Bringing back money laundered from Bangladesh is not difficult, but is time-consuming since it requires many legal processes to go through, said Khurshid Alam Khan, a panel lawyer of the Anti-Corruption Commission (ACC).
The counsel made the remark while participating in a discussion on "TBS Current Affairs," recently organised by The Business Standard.
A broad discussion started in the media after the talk show raised the issue that a Bangladeshi has a billion-dollar deposit in a Singapore bank.
The media crew began to try every means to get the information about the owner of the sum.
As per the investigation, around $1 billion belonging to a former minister, who was earlier sentenced to death for war crimes, is in a bank in Singapore.
Although the ACC and other agencies confirmed this matter, no one has officially acknowledged it.
Khurshid Alam Khan told The Business Standard on Friday that the stated figure in the Singapore bank might be more or less than $1 billion.
However, there are several legal procedures to follow for the recovery of the amount, plus there are also some difficulties associated with it.
Asked what kind of difficulties lie in the recovery of the laundered money, he said, "Usually, we see there are nominees for most bank accounts, but this account does not have one."
"And his heirs did not make any claim on the funds. So, we cannot make a move to retrieve the funds," he added.
Sources said the agencies concerned are slowly moving ahead in accordance with the legal process.
The ACC counsel said they actually have nothing to do with the black money in Singapore. Unless its owner looks for the funds, it is unlikely that the funds can be brought back.
"But we are looking into the law and have already informed the Singaporean government that it is black money. They asked us for the necessary documents," they added.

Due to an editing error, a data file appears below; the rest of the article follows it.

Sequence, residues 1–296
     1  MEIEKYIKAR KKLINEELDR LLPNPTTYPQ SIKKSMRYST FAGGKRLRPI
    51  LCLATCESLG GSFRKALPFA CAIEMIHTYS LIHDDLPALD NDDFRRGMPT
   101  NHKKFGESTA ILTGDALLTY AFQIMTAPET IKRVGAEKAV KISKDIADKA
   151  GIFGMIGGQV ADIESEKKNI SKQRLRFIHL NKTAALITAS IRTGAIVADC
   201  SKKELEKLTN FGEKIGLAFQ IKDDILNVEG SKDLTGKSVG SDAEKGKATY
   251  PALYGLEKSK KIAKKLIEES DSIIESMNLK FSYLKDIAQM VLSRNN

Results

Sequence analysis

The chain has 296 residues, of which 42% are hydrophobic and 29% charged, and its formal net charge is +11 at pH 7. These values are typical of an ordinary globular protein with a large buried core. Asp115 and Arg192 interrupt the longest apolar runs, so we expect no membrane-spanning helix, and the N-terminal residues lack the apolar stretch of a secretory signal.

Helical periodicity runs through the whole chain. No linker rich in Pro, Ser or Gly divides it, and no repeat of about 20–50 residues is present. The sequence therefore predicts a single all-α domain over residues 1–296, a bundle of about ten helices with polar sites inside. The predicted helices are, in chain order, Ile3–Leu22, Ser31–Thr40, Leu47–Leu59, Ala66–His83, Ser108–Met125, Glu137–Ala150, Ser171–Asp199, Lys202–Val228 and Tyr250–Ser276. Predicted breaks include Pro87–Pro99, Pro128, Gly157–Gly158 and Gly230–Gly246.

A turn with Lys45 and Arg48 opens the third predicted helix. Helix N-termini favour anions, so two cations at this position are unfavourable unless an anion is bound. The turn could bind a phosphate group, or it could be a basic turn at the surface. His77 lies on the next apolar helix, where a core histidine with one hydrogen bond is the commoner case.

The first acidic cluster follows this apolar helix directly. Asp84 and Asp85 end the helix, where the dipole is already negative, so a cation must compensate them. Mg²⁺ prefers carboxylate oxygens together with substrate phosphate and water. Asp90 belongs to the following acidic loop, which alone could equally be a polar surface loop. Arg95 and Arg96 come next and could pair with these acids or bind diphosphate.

According to the agencies working on illegally-sent money, in recent years, more capital from Bangladesh has ended up in: Canada, Malaysia, Singapore, and Australia.
Among the launderers, civil servants top the list when it comes to transferring funds to Canada illegally. Business people from Bangladesh usually launder their money in Malaysia, politicians in Singapore and people of all other walks of life in Australia.
Sources said once the United States (US) used to be the prime destination for laundered money but that trend has subsided.
Khurshid Alam said the process is underway to retrieve, from a Hong Kong bank, a large sum belonging to former foreign minister Morshed Khan.
He hopes the money will be returned after a long legal process.
Citing the example of swindlers – PK Halder, Bismillah Group and Giasuddin Al Mamun, he added that the money smuggled out of this country could be brought back.
However, the legal process will take time, he said, adding, "We have to be patient till then."
The ACC lawyer further said under the Mutual Legal Assistance Act, Bangladesh can seek information from any country about the recovery of smuggled capital.
The ACC has already sent letters to Singapore, the US and Canada in this regard.
Khurshid Alam Khan said there are other countries in the world that look into laundering issues like the central authorities in Bangladesh.
The data on the issue is sent to other countries via a system called MLAAR and later, information is obtained through the Ministry of Foreign Affairs.
That information is shown in the court, and after maintaining required formalities, the process to bring back money gets underway.
The lawyer said the laundered capital is recovered through due legal process and mutual cooperation between the countries.
A report released by the Washington-based think tank Global Financial Integrity (GFI) last March said $52.74 billion has been laundered from Bangladesh in the past seven years and a large amount has been smuggled out through import-export fraud.
According to the report, on average, $7.53 billion has been siphoned off from Bangladesh every year.
Addressing "Meet the Press" at the Dhaka Reporters Unity on 18 November, Foreign Minister AK Abdul Momen said, "It is not politicians, it is government employees who are laundering more money."
"I thought the number of politicians in this case would be higher, but I am surprised to find that their number is lower than the number of our government employees," he added.
"I have received 28 cases. Of them, only four are politicians. There are also some ready-made garment exporters. The rest are public officials and employees," added the minister.
Considering the recent media reports that referred to comments of the foreign minister on money laundering, a High Court bench in a suo motu order sought detailed information including the names and identities of money launderers.
The Anti-Corruption Commission, the Bangladesh Bank governor, the National Board of Revenue chairman, and the Dhaka deputy commissioner have been asked to submit the information by 17 December.